It’s not a new idea to make hay by seizing the messy business opportunities no one else wants. Innovating the distribution of a technology, rather than inventing the technology itself, isn’t novel either. This is the model that made founder Michael Dell a billionaire. Now, San Francisco-based Sungevity is taking a page from Michael Dell’s playbook in an effort to do to solar panels what Dell did to personal computers.
Solar installs are typically custom jobs — labor intensive and therefore costly. While there are rebates and tax incentives to cut the costs, the paperwork is dizzyingly complex, so consumers (and even developers) often don’t bite. Since most solar startups are focused on making the sexiest technology, Kennedy figured it was a no-brainer that Sungevity could effect more change, and make more money, by addressing the logistically painful process of selling, installing, and handling the paperwork associated with everyone else’s gear.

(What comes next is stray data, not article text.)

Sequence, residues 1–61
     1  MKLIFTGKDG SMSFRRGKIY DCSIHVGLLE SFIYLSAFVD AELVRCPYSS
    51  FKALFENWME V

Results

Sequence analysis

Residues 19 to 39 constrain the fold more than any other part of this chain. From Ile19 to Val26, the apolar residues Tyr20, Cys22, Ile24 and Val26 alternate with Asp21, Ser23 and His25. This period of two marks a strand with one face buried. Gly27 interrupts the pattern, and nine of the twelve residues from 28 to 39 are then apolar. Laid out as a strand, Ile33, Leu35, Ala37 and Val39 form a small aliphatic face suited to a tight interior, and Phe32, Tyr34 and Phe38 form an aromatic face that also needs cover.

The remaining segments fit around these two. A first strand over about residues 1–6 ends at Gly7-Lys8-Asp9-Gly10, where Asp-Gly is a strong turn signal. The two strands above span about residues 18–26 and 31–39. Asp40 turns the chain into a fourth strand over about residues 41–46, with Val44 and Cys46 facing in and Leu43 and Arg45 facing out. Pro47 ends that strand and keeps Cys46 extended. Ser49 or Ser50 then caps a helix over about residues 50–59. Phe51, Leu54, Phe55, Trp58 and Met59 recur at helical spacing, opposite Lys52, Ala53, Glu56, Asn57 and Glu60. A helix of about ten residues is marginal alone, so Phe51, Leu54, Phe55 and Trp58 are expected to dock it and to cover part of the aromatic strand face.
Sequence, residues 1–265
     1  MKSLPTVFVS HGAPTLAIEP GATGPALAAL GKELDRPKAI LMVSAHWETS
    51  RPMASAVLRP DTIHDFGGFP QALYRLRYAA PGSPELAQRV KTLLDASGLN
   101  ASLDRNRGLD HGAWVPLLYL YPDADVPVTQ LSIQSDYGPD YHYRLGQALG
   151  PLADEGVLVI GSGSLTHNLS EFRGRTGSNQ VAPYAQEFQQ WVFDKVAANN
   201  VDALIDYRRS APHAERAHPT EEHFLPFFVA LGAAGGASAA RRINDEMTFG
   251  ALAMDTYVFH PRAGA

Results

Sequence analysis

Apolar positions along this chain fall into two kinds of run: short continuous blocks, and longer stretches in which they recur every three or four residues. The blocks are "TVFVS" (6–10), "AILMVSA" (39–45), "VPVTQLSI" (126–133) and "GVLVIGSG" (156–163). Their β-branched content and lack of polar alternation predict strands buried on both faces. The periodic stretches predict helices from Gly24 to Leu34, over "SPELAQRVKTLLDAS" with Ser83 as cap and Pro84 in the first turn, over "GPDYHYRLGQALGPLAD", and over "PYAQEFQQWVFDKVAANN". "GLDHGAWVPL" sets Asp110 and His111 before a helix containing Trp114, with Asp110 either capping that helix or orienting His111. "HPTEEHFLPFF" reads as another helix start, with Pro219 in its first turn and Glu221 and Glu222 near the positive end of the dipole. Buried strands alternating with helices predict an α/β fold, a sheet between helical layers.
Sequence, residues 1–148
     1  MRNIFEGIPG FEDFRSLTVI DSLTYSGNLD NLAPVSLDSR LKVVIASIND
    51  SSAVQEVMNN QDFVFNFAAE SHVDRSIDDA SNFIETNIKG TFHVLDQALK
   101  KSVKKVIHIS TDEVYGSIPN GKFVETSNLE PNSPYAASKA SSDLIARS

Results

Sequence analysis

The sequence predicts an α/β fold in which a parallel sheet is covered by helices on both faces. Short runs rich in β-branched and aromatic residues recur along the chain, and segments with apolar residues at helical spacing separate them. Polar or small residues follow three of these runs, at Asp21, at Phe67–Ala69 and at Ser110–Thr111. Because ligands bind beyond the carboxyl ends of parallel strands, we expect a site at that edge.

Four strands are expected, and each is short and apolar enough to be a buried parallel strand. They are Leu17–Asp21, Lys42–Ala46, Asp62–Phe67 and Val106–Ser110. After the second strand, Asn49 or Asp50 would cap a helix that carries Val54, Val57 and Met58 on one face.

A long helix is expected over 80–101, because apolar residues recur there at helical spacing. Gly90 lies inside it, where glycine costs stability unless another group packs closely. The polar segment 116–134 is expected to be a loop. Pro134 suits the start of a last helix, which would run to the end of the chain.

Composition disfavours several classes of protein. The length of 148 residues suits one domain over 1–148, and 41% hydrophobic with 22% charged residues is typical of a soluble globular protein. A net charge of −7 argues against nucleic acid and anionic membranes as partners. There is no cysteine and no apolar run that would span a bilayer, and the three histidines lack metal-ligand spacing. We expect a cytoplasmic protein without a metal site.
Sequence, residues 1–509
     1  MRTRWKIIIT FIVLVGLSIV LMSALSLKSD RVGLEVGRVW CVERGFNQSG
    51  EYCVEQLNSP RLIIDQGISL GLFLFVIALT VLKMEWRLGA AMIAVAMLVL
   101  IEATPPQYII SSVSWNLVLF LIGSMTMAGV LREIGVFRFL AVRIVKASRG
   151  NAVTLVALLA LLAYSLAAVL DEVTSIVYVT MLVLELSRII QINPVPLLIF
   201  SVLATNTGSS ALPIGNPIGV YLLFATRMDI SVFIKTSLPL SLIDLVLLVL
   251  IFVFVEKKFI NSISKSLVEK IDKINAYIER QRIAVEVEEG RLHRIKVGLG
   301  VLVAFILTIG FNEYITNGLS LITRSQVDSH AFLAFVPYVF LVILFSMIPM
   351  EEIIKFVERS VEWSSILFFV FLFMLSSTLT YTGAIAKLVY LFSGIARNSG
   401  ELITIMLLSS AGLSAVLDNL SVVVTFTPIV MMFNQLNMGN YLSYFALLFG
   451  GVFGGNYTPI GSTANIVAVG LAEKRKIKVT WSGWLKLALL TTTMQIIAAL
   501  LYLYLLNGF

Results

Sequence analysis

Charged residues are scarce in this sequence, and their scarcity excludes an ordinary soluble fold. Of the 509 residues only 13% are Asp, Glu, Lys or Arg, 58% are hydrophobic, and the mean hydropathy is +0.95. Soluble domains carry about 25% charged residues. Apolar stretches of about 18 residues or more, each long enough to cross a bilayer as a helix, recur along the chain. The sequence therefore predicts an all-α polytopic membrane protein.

Michael Dell innovated the economy for PC-manufacturing by taking commodity computing components, then custom-assembling them to each buyer’s order in what we now commonly call a “just-in-time” supply chain. Similarly, Sungevity uses off-the-shelf web tools, commodity solar modules and drop-shipping to streamline a sales process for the retail solar industry that once took weeks or months. (Read more at Earth2Tech). Below, Kennedy offers a few tips for How to Spy Startup Opportunities in the Sales Cycle: Read More about F|R: What Startups Can Learn From Michael Dell